Each week when I sit down to write this article, I do what I can to find positive stories from throughout the sport. I see it as a way to keep my spirits high in a world devastated by a pandemic without the usual escape of sports.
This week proved a little more difficult.
Although the owners approved a plan to get the season started in July yesterday, the majority of headlines surrounding the story were focused on the grueling talks that would occur in the coming weeks before any plan was confirmed.
The good news here is that there’s a good chance Prince Fielder makes the most money in the MLB this year. Even though he hasn’t played a game since 2016. And won’t be playing in any games this year. So whoever wins the battle between players and owners is really just playing for second place behind Mr. Fielder.
So instead we’ll turn our attention to the player safety protocol document that MLB has developed. It’s rumored to be 80-100 pages long which means it isn’t just a throw away! And player safety is something the league is actually focused on.
During the course of this pandemic, we very quickly went from “there might be a second wave in the fall” to “it is likely there will be a second wave in the fall” to “there is definitely going to be a second wave in the fall” and this is exactly what the MLB is preparing for as one part of their player safety plan.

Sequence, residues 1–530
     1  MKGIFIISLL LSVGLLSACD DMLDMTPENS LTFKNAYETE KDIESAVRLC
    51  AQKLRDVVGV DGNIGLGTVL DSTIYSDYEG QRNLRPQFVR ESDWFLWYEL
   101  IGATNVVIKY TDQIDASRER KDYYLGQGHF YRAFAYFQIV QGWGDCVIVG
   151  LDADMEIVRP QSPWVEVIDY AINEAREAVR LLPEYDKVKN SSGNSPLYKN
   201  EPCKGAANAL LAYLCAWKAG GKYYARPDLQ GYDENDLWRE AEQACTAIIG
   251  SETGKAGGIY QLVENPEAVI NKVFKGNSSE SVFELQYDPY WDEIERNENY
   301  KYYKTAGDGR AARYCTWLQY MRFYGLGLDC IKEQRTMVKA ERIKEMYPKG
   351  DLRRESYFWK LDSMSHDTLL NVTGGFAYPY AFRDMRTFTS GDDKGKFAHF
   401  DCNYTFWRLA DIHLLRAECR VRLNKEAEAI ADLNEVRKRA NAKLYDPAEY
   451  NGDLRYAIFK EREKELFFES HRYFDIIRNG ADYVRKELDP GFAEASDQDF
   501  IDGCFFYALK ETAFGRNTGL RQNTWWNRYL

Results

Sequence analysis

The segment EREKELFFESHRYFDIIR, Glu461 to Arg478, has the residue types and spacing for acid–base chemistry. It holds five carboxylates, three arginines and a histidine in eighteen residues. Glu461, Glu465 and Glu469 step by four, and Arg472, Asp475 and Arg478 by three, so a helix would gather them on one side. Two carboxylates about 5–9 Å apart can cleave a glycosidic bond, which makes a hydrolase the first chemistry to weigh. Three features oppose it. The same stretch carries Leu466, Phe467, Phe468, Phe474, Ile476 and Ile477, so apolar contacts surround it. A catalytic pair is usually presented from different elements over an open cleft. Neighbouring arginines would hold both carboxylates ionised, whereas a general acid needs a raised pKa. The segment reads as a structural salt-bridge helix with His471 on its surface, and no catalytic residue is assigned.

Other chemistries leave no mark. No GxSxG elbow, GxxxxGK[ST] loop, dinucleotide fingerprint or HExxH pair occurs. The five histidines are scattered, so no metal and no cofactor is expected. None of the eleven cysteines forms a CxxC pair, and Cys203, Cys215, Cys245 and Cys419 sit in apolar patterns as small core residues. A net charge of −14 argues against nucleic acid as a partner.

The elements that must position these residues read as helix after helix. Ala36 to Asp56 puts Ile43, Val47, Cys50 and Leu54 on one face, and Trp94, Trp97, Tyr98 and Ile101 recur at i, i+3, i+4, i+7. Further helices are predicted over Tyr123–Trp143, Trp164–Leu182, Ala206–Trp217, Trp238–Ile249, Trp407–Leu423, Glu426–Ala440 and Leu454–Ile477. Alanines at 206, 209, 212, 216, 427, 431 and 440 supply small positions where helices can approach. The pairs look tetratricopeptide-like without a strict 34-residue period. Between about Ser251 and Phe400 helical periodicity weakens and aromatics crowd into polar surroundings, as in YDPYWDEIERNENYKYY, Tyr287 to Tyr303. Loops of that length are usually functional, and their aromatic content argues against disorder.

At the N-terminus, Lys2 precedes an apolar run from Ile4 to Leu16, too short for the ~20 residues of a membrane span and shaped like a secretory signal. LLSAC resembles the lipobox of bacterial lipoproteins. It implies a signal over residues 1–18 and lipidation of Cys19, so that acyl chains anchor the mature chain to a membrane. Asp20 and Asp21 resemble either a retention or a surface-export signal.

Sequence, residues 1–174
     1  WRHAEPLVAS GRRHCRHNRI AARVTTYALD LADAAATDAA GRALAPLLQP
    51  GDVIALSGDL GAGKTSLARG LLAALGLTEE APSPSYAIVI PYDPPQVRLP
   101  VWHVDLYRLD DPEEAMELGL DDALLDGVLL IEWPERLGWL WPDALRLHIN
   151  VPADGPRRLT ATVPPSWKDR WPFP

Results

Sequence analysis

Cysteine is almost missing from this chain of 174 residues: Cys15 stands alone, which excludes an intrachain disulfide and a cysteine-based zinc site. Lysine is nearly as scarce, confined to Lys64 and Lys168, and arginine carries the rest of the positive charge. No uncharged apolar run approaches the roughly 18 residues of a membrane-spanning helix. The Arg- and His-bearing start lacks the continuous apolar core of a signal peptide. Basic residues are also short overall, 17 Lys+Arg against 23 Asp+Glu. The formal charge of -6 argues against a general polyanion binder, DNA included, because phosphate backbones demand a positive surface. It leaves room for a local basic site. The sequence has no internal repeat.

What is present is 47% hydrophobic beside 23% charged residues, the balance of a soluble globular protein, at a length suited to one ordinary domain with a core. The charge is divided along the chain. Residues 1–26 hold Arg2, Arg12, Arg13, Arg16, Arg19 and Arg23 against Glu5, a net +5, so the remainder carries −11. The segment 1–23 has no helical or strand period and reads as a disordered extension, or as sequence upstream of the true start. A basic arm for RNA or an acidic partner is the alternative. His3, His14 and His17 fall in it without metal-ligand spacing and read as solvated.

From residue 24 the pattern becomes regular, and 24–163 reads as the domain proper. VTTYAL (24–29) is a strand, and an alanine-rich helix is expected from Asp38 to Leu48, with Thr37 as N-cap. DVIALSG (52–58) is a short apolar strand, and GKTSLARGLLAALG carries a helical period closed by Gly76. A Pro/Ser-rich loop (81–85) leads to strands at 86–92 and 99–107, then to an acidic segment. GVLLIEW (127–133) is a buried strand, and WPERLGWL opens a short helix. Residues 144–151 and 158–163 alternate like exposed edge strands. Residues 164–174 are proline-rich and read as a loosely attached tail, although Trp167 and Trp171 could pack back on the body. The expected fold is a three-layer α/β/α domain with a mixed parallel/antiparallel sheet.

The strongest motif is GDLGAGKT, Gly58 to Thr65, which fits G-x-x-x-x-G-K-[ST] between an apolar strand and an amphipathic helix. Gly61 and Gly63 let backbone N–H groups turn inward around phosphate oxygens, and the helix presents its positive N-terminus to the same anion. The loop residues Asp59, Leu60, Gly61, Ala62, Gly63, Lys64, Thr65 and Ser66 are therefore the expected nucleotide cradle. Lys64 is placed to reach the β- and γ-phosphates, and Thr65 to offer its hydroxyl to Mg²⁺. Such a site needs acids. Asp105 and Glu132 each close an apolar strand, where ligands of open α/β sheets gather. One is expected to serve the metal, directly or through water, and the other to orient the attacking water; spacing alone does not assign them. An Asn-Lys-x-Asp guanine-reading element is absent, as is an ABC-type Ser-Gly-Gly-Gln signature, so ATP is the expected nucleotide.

Declaring the postseason must be finished completely before the second wave will lead to a shorter season than what we may have expected after rumors of a December World Series were thrown around earlier in the spring.
I think it’s safe to say most baseball fans would take any sort of season at this point, even if it means playing nearly half the games of a normal year. Even if it means being forced to watch games played in empty stadiums.
While only a vaccine or highly effective treatment will solve the issue of empty stadiums, TV Networks are doing everything they can to prepare for a world with no live supporters.
There have been talks of VR being used to create realistic looking fans, which if done well, could help us forget that we’re going to have to watch ten people run around a diamond in an empty stadium built for 45,000. But in my opinion there’s a much more entertaining solution.
Mic the players back up. The same way they do it in Spring Training. I thought about explaining why I think this is a good idea but the videos speak for themselves.
The New York Mets:
And the best for last...
Mookie Betts: “I ain’t gettin’ this one boys”
Not only can these guys play ball but a lot of them have funny things to say throughout the course of the game. I think getting this implemented for the season would be a great way to increase the entertainment value and help offset the lack of fans. Let’s make this happen ESPN.